Weekly Foreign Exchange Insights: January 16th

January 16, 2009

In the present deflationary economic context, it is better to have a weak exchange rate.  One of the lessons from the 1930’s depression was that having a weakening currency early in the experience seemed to soften the blow.  Officials, who speak cavalierly about their currencies, are being smart, not reckless.  The start of a new chapter in U.S. government offers an excellent opportunity for launching a soft dollar currency.  Many new administrations before have done such to stimulate exports and found the price to be not worth it.  This time would be different.  U.S. policy has already shifted: the mantra about a strong dollar being in America’s best interests is no longer heard.

Officials in other governments are already promoting softer currencies.  China stopped appreciating the yuan in mid-2008.  Russia is front-loading a downward adjustment of the rouble, which has already fallen to levels not expected until the final quarter of the year.  Turkey’s central bank slashed rates by 200 basis points yesterday, double the amount that was expected and essentially daring the market to sell the vulnerable lira.  The Mexican peso has lost almost 3% this year and has sunk 23% over the past twelve months.  A top Swiss National Bank official this week claimed mounting concern that the franc is getting too dear.  Every country cannot depreciate its currency at the same time, so only the early birds are likely to reap rewards.  The Obama administration faces an uphill task.  The dollar and yen were the strongest major currencies this past week and have risen against the euro by 21% and 41%, respectively, from lows set last July.

Commodity prices are still falling, led by an additional 10% drop in oil prices this week.  Oil prices are 75% below their peak last July.  Commodity-sensitive currencies also suffered big losses in the second week of January.  The dollar as of 15:00 GMT today had advanced 8.3% against the New Zealand kiwi and by over 4.0% against the Australian and Canadian dollars.  Depreciation will not deter the Bank of Canada from cutting its target rate at least 50 basis points next Tuesday to 1.5% or prevent the down-under central banks from easing when they meet next.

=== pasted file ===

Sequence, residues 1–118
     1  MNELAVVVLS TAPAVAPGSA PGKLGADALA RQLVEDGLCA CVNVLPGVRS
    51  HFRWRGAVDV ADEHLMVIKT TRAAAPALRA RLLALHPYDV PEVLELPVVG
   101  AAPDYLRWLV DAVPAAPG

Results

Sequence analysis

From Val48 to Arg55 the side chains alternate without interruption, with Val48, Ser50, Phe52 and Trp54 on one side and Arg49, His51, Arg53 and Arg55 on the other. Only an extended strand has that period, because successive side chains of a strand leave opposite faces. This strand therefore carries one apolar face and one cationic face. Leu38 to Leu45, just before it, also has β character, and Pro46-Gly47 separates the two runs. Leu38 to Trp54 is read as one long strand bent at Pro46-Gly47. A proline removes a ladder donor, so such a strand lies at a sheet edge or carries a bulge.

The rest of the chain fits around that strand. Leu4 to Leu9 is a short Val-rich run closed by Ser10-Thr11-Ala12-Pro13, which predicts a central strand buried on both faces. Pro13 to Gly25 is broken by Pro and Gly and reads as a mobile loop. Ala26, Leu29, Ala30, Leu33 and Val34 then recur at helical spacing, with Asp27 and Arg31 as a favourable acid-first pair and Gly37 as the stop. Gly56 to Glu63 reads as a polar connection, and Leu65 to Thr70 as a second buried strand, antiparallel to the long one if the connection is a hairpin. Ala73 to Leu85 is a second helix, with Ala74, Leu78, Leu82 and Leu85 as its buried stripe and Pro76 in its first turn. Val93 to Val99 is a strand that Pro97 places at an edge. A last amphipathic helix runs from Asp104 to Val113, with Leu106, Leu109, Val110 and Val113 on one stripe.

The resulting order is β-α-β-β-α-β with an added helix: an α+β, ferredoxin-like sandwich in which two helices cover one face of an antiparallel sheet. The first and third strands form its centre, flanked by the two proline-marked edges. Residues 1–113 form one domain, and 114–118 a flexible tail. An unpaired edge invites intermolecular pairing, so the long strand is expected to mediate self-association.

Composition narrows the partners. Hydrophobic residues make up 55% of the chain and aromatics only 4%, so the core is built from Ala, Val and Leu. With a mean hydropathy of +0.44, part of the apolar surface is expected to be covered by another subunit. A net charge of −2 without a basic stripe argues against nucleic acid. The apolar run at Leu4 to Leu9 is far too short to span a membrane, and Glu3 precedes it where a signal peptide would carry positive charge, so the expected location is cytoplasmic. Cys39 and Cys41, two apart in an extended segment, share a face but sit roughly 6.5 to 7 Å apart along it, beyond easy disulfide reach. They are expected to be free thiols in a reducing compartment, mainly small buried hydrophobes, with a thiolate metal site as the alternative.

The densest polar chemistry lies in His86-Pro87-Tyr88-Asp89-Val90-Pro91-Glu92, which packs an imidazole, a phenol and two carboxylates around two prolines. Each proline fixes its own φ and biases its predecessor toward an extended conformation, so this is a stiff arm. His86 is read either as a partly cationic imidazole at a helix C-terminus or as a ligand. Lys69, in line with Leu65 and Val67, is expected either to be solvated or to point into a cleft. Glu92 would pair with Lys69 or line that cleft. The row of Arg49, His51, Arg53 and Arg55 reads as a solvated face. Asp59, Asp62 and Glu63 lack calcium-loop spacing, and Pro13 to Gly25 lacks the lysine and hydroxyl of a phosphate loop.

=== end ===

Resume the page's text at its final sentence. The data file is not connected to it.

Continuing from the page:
The recession is truly global and extraordinarily severe.  I’m struck by the profound weakness of economic data released this past week.  The figures were for  last year, but forward-looking European PMI readings due next week will be consistent with the present quarter being at least as depressed as the last one.  Meanwhile, highlights of this past week’s releases stretched comprehension, and central bank officials from ECB President Trichet to BoJ Governor Shirakawa to BoE Deputy Governor Gieve warned of accelerating downturns and nastier financing conditions for corporations.

  • Exports recorded monthly declines in November of 17.4% in Japan, 6.8% in Canada, 5.8% in the United States and United Kingdom, and 4.7% in Euroland.
  • Euroland industrial production plunged 19% at an annual rate between August and November. U.S. industrial output fell 11.5% at an annual rate in 4Q08.
  • Japanese core domestic machinery orders fell 27.7% in the year to November, while foreign orders dropped 44%.
  • Japan’s Economy Watchers’ index dropped to 15.9 in December from 21.0 in November and 28.0 at end-3Q08.